Name: Wild Cherries (Prunus spp.)
There are about 400 species of Prunus worldwide. Their common names generally include cherry, chokecherry, almond, apricot, plum and other fruits known as “stone fruits” because of their large seeds.
These can be large bushes or trees. Some are evergreen, and some are deciduous (meaning that their leaves drop in the winter). Wild cherries can be found throughout North America and in diverse environments.
One way to identify this plant is to crush the leaves, wait a few seconds and then smell them. They’ll have a distinct aroma of bitter almond extract—your clue that the leaf contains cyanide (hydrocyanic acid).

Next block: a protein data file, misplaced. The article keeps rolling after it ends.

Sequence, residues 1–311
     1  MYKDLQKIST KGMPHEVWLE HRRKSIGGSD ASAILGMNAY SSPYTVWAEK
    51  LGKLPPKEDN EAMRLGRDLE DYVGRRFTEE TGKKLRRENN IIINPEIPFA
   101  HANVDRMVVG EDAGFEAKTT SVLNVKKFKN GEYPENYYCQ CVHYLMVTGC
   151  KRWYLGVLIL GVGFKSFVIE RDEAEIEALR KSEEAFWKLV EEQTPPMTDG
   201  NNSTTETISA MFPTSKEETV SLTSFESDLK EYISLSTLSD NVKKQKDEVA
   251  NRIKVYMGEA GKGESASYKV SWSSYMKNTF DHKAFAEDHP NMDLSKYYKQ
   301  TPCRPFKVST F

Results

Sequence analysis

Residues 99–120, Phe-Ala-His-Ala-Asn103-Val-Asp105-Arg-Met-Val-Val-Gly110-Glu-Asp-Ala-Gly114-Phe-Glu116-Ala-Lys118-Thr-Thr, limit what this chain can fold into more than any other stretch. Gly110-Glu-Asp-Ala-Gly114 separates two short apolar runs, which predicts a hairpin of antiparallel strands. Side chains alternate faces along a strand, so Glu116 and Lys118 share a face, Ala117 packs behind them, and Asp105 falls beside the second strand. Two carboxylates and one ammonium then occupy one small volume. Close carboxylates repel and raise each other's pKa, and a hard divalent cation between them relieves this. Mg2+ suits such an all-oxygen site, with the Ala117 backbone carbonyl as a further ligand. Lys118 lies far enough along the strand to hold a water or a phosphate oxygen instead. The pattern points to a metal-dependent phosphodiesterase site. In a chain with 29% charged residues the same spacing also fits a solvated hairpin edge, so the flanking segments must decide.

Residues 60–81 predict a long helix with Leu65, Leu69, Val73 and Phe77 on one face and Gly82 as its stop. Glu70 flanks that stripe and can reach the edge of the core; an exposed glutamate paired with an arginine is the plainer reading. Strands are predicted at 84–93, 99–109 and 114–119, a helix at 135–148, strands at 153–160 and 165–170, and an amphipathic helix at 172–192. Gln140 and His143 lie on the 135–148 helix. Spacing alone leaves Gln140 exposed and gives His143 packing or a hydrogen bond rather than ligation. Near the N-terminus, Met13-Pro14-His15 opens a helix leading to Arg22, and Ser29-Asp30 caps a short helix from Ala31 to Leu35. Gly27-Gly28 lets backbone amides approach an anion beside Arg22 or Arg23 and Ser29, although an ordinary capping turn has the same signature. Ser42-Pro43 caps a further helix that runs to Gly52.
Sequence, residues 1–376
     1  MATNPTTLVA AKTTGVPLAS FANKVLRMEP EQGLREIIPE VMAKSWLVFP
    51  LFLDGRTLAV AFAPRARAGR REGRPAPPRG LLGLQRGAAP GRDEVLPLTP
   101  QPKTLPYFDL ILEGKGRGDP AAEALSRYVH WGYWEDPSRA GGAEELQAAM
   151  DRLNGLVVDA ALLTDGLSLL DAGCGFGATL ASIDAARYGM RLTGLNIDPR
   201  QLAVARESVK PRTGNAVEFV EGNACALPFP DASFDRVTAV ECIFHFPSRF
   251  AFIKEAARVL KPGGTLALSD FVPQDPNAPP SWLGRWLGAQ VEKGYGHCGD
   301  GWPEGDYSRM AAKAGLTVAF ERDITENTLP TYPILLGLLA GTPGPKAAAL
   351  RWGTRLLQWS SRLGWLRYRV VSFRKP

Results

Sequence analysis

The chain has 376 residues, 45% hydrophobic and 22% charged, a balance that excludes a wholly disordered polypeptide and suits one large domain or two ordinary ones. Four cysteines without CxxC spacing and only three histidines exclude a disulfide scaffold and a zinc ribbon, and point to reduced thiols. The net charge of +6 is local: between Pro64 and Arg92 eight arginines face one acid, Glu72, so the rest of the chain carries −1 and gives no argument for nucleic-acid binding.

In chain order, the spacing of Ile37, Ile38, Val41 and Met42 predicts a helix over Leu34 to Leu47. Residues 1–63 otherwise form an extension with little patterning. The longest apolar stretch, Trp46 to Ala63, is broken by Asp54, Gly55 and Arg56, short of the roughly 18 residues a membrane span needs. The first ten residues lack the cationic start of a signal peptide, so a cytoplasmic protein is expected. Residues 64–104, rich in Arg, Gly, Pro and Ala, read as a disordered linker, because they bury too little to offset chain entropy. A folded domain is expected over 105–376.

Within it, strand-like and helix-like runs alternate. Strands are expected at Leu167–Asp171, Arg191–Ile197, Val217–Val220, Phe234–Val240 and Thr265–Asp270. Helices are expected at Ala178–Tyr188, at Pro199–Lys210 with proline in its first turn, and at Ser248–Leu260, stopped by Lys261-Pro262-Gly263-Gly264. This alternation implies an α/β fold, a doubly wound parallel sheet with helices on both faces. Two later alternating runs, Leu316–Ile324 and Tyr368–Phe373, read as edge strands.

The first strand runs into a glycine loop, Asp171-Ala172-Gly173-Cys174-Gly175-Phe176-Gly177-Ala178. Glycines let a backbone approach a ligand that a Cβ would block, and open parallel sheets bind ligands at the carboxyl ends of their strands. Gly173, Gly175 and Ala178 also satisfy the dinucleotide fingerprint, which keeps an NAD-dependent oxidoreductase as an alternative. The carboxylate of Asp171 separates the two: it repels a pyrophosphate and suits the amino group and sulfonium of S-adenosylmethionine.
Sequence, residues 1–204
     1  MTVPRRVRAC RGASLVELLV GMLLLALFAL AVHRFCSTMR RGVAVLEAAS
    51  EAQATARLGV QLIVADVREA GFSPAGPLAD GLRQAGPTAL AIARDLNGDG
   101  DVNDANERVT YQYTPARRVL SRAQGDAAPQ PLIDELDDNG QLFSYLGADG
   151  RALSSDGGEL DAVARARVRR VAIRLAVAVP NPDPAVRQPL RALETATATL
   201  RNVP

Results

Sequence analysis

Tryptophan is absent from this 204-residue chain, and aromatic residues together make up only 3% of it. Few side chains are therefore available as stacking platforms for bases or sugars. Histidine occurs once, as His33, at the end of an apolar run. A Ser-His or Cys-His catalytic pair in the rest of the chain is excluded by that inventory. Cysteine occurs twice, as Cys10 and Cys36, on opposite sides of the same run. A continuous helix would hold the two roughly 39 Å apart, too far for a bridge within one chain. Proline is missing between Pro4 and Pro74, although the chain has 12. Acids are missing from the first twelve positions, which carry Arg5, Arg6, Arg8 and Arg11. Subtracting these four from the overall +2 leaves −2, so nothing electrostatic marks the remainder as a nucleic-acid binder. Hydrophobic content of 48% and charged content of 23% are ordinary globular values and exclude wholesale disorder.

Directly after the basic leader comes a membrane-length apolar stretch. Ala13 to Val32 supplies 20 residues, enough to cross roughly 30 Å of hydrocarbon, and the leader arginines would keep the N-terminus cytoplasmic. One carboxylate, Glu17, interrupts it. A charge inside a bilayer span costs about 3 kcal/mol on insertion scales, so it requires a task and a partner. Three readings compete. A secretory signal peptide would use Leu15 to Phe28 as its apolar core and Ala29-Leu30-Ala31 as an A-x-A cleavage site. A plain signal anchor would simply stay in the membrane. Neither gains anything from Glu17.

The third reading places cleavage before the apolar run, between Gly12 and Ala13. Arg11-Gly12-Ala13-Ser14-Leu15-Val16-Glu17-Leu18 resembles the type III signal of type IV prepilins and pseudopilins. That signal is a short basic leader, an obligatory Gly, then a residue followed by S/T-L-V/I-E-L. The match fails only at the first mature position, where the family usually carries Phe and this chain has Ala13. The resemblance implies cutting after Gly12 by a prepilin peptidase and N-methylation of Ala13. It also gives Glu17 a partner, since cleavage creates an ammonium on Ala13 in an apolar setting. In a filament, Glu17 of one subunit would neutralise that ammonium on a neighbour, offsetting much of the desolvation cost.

These fruits are very much like cultivated cherries, except the color is darker red—almost maroon—and sometimes even darker. The flesh layer can be very thin in dry years and thicker in seasons following good rains. As with domestic cherries, there’s a thin shell and the meaty inside of the seed.
Some of the common species include chokecherry (P. virginiana), bitter cherry (P. emarginata) and western chokecherry (P. virginiana var. demissa).
Wild cherries are found in canyons, lowland forests, hillsides, farmland, urban areas and chaparral areas and are widespread throughout North America.
The fruit of wild cherries makes a great trail nibble. I usually see them in August,
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